Auglaize County, Ohio

History and Genealogy

History of Auglaize County

Duchoquet Township—Wapakoneta


English Evangelical Lutheran Church.—The organization of this congregation was effected in 1857 by the adoption of the following constitution:—

Preamble.—Whereas, due notice having been given, a number of members of the Evangelical Lutheran Church, whose names are hereunto subscribed, having assembled in convention on the 25th day of December, 1857, in the M. E. Church in Wapakoneta, Auglaize County, Ohio;

And inasmuch, as a church organization, in which all its members are brought under the same rules of order and government, is considered necessary in the successful promotion of the Redeemer's cause, therefore,

Resolved, That we form ourselves into an individual church, and adopt the following constitution as rules for our government:—

Constitution.—Article I. This church shall be called the "English Evangelical Lutheran Church of Wapakoneta, Ohio," and shall be composed of all whose names are subscribed to this constitution, and who shall hereafter be received by a vote of the council, and according to the usages of our church.

Article II. The council of this church shall be composed of the pastor, two elders, and two deacons, who shall be elected by ballot by the regular communing members, and shall serve for a term of two years; one elder and one deacon to go out of office at the same time.

Article III. The election of officers shall be held at the expiration of each year; at which time a public exhibition and settlement of the church expenditures shall be made.

Article IV. The council shall appoint annually, at the first meeting alter their election, a secretary and treasurer out of their own number.

Article V. No person shall be elected as pastor of this church who is not connected with a Synod, in connection with the General Synod of the Evangelical Lutheran Church of the United States of North America.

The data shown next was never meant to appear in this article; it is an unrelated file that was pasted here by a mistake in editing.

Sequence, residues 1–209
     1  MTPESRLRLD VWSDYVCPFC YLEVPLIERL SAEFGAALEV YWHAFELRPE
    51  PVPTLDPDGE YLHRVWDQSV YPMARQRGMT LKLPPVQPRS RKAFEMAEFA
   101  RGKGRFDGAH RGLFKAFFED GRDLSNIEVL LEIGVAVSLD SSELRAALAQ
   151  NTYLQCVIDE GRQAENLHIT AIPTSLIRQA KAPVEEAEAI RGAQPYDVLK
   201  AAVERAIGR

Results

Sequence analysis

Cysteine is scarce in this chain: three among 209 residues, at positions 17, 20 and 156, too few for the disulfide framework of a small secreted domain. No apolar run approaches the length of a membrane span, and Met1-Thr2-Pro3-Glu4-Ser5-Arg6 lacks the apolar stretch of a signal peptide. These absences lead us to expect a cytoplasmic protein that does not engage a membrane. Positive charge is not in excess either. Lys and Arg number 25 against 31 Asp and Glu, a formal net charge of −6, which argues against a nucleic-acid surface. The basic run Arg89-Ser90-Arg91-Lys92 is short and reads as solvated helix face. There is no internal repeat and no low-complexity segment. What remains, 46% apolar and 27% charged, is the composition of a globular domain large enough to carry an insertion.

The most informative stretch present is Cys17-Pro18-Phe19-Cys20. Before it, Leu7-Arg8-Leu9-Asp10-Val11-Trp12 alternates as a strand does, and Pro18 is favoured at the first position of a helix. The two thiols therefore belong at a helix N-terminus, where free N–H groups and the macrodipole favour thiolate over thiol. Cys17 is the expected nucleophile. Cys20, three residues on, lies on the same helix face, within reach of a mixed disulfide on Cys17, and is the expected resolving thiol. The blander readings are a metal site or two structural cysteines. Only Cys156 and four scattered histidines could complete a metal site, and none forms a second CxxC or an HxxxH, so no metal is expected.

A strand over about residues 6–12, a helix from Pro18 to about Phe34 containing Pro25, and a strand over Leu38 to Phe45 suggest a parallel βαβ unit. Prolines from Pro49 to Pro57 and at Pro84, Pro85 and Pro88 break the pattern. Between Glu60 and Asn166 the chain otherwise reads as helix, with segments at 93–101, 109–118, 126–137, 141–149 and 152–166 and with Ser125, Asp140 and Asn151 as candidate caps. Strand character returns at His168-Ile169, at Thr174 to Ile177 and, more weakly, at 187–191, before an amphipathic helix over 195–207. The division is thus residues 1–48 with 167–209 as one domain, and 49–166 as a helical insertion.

Article VI The formula for the government and discipline of the Evangelical Lutheran Church, as published by the General Synod, is hereby adopted for our government as far as it does not conflict with this constitution.

Article VII. This constitution shall not be altered or enlarged without the consent of two-thirds of the members at any regular church meeting, due notice having been given of the time of meeting, and the amendments or additions proposed.

George Rench,Rebecca Shawber,
Joshua Shawber, Rachel Shawber,
John Shawber, Catharine W. Hills,
George H. Dapper, Catharine Kuhn,
Catharine Rench, Malinda Elliott.

Since the adoption of this constitution the following additions and amendments have been adopted in accoidance with the provisions of Article VII:—

Additions.—Article VIII. Adopted Dec. 25, 1864.

Resolved, That we regard dancing as a social amusement, or attending dances to connive at them, as contrary to a Christian profession, and against the rules and regulations of this church.

Article IX. Adopted Aug. 2, 1868. It shall be the duty of all the members of this congregation to contribute annually to the several objects of benevolence approved by the synods with which the congregation is connected, and it shall be the duty of the officers of this church to see that this article is carried into effect.

Article X. Adopted Dec. 25, 1874. Resolved, That it is the sense of this congregation that its pastor and officers should discountenance all efforts to appeal for pecuniary aid and contributions in our congregation for objects foreign to our work as a church.

Article XI. Adopted Dec 25, 1874. Whereas, Certain games, such as billiards and card games, viz., whist, loo, euchre, poker, and the like, are in their tendencies entailing serious evils upon society, therefore,

Resolved, That, as social amusements, we regard such games inconsistent with a Christ-like spirit, and incompatible with the dignity and integrity of the Christian character, and therefore contrary to the rules and regulations of this congregation: further

Resolved, That we regard in a similar manner, dealings in lotteries, and the well-known practice of betting, with all other forms of gambling, as contrary to the rules of the congregation.

Amendments.—Article II. Adopted January 1, 1863. The council of this church shall be composed of the pastor, three elders, and three deacons, who shall be elected by ballot by the regular communing members, and shall serve for a term of two years; one elder and one deacon to go out of office at the same time.

Article II. Adopted January 14, 1865. The council of this church shall be composed of the pastor, three elders, and three deacons, who shall be elected by ballot by the regular communing members, and shall serve for a term of three years; one elder and one deacon to go out of office at the same time.